Later this year – November 2016 to be precise – Warren Beatty’s new film Rules Don’t Apply will be released by 20th Century Fox. Described as a romantic comedy-drama, the film has Beatty as Howard Hughes, the famous business tycoon, aviator and later recluse, who has previously been played onscreen by, amongst others, Leonardo DiCaprio and Jason Robards. Beatty apparently encountered Hughes in a hotel lobby during the heyday of his own career in the 1970s and so began an obsession on the star-director’s part to make a film about the entrepreneur. He has assembled an impressive supporting cast for the piece which includes his own wife Annette Bening, rising stars Alden Ehrenreich and Lily Collins, and veterans such as Paul Sorvino, Martin Sheen, Ed Harris, Dabney Coleman and Alec Baldwin. Two-time Oscar winner Bo Goldman (One Flew Over the Cuckoo’s Nest and Melvin and Howard) has collaborated with the director on the story. The film is currently slated for a November 23rd release.
The sheer prospect of seeing Warren Beatty on screen once again is a tantalising one. The actor has not made a film since 2001’s Town and Country which was a box office flop and received a drubbing from the critics. In terms of duties behind the camera, Beatty has not directed a film since his 1998 effort Bulworth, in which he played a disillusioned incumbent senator who arranges for his own assassination and then changes his mind as he begins speaking it (and also rapping I might add). Truth be told, he has only made a handful of films in the last few decades. The 1990s saw both good, middling and bad in the shape of Bugsy and Bulworth, Dick Tracy, and the fairly lamentable Love Affair. The 1980s had a similar mix in terms of the disastrous Ishtar, directed by Elaine May, and the truly sublime Reds, for which Beatty won the Best Director Oscar in 1981. It’s the one real pity about his career I would suggest. He was never prolific in the mould of Clint Eastwood, or Jack Nicholson for that matter. There have been large gaps since 1981’s Reds which, unfortunately, the ageing star will never have a chance to revisit now.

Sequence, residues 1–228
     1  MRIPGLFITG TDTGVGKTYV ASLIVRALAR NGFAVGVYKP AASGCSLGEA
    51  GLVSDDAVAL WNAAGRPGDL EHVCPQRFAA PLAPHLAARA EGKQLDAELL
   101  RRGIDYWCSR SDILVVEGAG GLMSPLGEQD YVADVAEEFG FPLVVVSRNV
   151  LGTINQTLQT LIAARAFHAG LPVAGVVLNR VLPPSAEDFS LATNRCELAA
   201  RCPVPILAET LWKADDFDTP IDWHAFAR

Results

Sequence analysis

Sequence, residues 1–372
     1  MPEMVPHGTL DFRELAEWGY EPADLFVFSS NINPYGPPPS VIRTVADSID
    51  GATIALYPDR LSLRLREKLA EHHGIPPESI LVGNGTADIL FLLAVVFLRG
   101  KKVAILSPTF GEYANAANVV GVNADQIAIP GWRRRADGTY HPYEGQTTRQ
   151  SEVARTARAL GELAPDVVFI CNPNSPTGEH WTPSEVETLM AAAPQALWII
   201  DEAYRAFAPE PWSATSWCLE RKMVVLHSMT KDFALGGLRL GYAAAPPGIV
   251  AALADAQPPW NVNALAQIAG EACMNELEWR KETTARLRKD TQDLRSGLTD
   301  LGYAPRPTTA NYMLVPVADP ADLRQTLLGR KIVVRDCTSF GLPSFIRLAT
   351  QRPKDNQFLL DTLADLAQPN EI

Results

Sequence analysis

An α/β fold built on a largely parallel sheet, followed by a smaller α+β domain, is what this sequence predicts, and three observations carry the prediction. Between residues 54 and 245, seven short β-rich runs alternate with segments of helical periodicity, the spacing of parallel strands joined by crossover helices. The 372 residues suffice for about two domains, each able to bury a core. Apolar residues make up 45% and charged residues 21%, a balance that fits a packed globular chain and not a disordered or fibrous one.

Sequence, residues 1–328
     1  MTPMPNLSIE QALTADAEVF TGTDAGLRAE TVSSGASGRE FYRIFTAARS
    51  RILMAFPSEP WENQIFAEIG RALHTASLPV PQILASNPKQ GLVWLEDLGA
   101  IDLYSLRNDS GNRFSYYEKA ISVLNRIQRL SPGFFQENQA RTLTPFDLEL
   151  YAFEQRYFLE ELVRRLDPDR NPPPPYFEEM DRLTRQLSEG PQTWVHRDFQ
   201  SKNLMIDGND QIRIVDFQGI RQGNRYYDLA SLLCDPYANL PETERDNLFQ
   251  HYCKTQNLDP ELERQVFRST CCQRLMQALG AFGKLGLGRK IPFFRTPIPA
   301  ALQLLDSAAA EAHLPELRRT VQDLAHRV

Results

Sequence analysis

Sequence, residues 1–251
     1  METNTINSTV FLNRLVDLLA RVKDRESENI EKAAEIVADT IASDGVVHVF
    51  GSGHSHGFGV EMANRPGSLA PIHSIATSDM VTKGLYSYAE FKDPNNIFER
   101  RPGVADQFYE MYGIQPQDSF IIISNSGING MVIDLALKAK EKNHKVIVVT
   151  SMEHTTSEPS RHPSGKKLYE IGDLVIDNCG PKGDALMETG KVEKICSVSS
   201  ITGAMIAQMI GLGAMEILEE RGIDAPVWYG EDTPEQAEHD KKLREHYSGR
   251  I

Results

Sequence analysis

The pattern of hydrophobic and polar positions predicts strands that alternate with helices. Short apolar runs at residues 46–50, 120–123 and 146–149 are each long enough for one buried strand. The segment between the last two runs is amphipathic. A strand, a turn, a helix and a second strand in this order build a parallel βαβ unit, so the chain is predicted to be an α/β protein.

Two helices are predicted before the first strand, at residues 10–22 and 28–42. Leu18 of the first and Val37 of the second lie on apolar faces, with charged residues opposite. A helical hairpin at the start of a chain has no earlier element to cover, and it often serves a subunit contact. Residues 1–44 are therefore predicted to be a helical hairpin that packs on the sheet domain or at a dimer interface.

Warren Beatty’s name of course is synonymous for many with his philandering days of yesteryear. In many ways he bears comparison with Howard Hughes in this respect. An infamous womaniser, Beatty is reckoned by biographer Peter Biskind (Easy Riders, Raging Bulls) to have slept with some 13,000 women before eventually settling down to married bliss with Bening in 1992. Notable ladies he dated over the years included Diane Keaton, Raquel Welch, Madonna, Leslie Caron, Natalie Wood, Joan Collins (to whom he was briefly engaged) and, perhaps the great love-of-his-life, Julie Christie (with whom he made McCabe and Mrs. Miller, Shampoo and Heaven Can Wait). In November 2015 singer-songwriter Carly Simon finally acknowledged after years of speculation that she had penned part of her 1972 hit song ‘You’re So Vain’ in reference to the actor she’d once dated. It’s an aspect of his life which has too long overshadowed the highs of his career, which for me would begin with the 1967 seminal Bonnie and Clyde.
Peter Biskind’s Easy Riders, Raging Bulls (a book every movie-lover should read at least once) quite rightly starts with Bonnie and Clyde and points out as to how the Arthur Penn-directed film, which was produced by Beatty, was an important forerunner in the Hollywood New Wave which resulted in a rich vein of American cinema in the late 1960s and through the 1970s. Onscreen Beatty made for an irresistible Clyde Barrow who is charming, funny, but also consciously aware of his sexual shortcomings (‘I told you I wasn’t no lover boy’); off-screen he was a dedicated producer at the tender age of 29 who was already taking a healthy (or for some directors, most especially Robert Altman on the set of McCabe and Mrs. Miller, a rather unhealthy) interest in directing actors and scenarios. As producer of Bonnie and Clyde, Beatty powered the production forward by persuading Penn to take the helm and by casting up-and-coming actors such as Gene Hackman and Faye Dunaway in career-enhancing roles. In spite of some early derisory reviews at the time, Bonnie and Clyde quite rightly stands as a classic film and a pivotal moment in the inception of New Hollywood.
Beatty has the unique distinction of being the only individual ever to have twice been nominated for four Academy Awards for the same film. He first achieved this with the 1978 fantasy-comedy Heaven Can Wait, a nicely-observed adaptation of the Harry Segall play of the same name (and originally filmed as 1941’s Here Comes Mr. Jordan); and then again with the 1981 epic-historical Reds. Reds was a long-held ambition of Beatty’s ever since he’d come across the story of John Reed, an American journalist who essayed the Russian Revolution in his 1919 book Ten Days That Shook the World. Beatty pursued the project with typical flair and gusto and again, as per Bonnie and Clyde, demonstrated how he was one of the sharpest producers in Hollywood making a film about such a subject matter even as the Cold War raged about him. The result is a film that is up there amongst the very best efforts of epic directors such as David Lean and William Wyler.